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U.S. Official Says Deplorable Acts by Rumania Are Not Reasons to Deny That Country Mfn Status

A Reagan Administration official told Congress Friday that the Rumanian government’s bulldozing of the 600-year-old Spanish Synagogue in Bucharest July 21 and other deplorable acts by that government are not reasons to deny Rumania extension of Most-Favored-Nation (MFN) trade status by the United States.

Rozanne Ridgeway, Assistant Secretary of State for European Affairs, said the Jackson-Vanik Amendment set emigration as the “standard” an East European country must meet to be granted MFN status. At present, only Rumania and Hungary have MFN status.

Ridgeway was testifying before the Senate Finance Committee’s subcommittee on International Trade which is considering two resolutions, one to permanently deny MFN status to Rumania, the other to deny it temporarily. The House is also considering two similar resolutions.

SENDING THE WRONG MESSAGE

Sen. John Danforth (R.-Mo.), the subcommittee chairman, suggested that for Congress to approve MFN for Rumania so soon after the synagogue was razed would be sending Bucharest the wrong message. He said it would be telling the Rumanians that they don’t have to “worry” about criticism from the U.S.

“I don’t think that they can possibly be getting that message,” Ridgeway replied. She said the Rumanians would realize that they would be taking “risks” if they continue with such policies.

Ridgeway said that both the U.S. and Israeli governments have told the Rumanian government that they expect the assurances to Rumanian Chief Rabbi Moses Rosen “to be honored” that two other synagogues and a Jewish museum would not be bulldozed as part of an urban renewal project in Bucharest as was the Spanish Synagogue. Danforth noted that Rosen had also been given assurances on the Spanish Synagogue, which was the last remaining Sephardic synagogue in Rumania.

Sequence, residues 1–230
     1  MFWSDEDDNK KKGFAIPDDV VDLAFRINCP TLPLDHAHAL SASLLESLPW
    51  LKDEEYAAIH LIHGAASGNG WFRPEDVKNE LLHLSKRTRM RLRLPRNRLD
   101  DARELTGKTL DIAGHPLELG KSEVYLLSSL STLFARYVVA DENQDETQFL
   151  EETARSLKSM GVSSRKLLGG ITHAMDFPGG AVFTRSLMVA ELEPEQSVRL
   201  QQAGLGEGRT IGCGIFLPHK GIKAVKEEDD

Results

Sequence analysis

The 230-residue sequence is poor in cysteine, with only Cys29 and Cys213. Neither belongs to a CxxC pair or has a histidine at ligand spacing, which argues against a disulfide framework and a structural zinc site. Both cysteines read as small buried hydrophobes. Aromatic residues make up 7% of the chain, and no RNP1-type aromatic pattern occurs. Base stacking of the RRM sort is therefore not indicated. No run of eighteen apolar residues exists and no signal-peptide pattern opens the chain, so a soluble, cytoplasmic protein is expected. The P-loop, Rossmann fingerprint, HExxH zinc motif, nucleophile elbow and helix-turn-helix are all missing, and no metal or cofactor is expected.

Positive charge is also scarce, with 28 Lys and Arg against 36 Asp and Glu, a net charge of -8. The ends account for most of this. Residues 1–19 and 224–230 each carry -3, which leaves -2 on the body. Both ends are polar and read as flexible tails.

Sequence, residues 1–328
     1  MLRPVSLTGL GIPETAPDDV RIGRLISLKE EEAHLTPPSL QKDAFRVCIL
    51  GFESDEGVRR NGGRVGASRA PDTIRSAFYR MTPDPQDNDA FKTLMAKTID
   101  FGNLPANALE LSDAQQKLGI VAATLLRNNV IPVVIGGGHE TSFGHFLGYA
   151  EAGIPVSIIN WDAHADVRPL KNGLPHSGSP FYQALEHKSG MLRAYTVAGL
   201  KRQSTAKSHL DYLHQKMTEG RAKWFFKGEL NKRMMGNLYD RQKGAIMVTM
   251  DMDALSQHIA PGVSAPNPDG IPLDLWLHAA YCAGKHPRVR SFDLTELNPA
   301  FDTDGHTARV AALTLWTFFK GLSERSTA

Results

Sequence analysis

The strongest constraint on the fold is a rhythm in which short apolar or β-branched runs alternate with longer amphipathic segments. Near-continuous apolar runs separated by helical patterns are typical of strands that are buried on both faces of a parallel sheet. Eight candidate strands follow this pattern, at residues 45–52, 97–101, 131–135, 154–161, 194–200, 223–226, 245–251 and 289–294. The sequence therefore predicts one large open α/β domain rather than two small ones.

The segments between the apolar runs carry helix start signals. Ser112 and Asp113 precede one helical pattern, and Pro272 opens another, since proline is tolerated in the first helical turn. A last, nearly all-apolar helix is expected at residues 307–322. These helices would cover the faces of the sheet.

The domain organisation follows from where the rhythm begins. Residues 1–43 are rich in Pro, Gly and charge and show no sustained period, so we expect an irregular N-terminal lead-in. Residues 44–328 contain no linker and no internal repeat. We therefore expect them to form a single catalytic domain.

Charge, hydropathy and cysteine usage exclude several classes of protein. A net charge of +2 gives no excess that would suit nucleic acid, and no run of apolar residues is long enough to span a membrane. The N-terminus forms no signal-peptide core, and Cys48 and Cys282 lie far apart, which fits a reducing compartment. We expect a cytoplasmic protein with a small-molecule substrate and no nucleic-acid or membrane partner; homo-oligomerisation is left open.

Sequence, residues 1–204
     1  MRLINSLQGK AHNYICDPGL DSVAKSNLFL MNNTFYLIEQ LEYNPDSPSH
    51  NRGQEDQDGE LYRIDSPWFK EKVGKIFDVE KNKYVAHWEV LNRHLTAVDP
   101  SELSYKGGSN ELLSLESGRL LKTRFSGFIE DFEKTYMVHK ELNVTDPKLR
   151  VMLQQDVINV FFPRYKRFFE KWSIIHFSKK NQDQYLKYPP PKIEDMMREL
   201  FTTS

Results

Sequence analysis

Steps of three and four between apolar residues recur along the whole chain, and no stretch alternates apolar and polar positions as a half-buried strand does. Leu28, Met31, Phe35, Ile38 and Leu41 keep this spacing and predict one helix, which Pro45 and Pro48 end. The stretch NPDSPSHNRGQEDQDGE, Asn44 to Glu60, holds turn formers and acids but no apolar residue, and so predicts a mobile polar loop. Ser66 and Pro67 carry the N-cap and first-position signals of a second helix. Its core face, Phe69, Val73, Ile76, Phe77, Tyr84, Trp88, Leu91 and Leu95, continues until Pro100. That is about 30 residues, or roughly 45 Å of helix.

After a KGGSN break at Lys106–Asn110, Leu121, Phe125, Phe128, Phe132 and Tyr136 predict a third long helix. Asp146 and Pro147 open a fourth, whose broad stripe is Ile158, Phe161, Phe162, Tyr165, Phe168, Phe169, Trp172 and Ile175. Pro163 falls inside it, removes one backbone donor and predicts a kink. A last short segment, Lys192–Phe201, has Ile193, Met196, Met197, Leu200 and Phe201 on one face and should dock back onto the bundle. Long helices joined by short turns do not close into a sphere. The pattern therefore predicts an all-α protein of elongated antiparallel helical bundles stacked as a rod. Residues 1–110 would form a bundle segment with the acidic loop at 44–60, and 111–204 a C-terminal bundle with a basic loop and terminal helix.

In her testimony, Ridgeway noted that “this deplorable act followed specific and repeated expressions of concern by the Rumanian Jewish community, American Jewish groups, the governments of the United States, Israel and Spain” and members of Congress.

The Conference of Presidents of Major American Jewish Organizations, which took a leading role in trying to save the Spanish Synagogue, did not testify at Friday’s hearing.

Alfred Moses, a vice president of the American Jewish Committee, represented the Presidents Conference at a House subcommittee hearing on MFN in June and supported extending the trade benefits to Rumania for another year despite “shortcomings” on human rights and emigration. The Presidents Conference has taken this position in past years.

Ridgeway said that the Jackson-Vanik Amendment has worked in Rumania allowing 154,000 Rumanians to emigrate to Israel, the U.S. and West Germany since 1975. However, she noted that the U.S. is “concerned about the rate of Rumanian Jewish departure for Israel, which has dropped below last year’s level of 1,327.

Ridgeway said she had no wish to defend Rumania’s human rights practices. But she stressed that if this was to be used as the reason for denying MFN, it might endanger future emigration. “You have to be prepared to say to people standing in line for emigration, to say to each of them, ‘sorry, it’s all over,'” she said.

She stressed that by having a trade relationship with Rumania, both the Administration and Congress have “an opportunity to put something into the relationship on which we could fight on these other issues.”

INCREASING PRESSURE URGED

Also testifying before the subcommittee Friday was Jacob Birnbaum, national coordinator for the Center for Russian and East European Jewry. He urged using MFN to increase the pressure on Rumania to allow more Jews to leave. He said only 483 Rumanian Jews arrived in Israel during the first six months of 1986.

Birnbaum urged the establishment of a Congressional monitoring unit that would exert pressure on Rumania throughout the year. He said there must be an acceleration of the rate of Jewish emigration “to evacuate the bulk of Rumanian Jews in the next few years.”

Birnbaum said one reason for speeding up emigration is fear of what will happen if the “ailing, aging” President Nicolae Ceausescu leaves the scene. He said there is concern that Rumania might become “a demonstrably anti-Semitic society” or that ” the Soviets may greatly strengthen their hold on Bucharest.”

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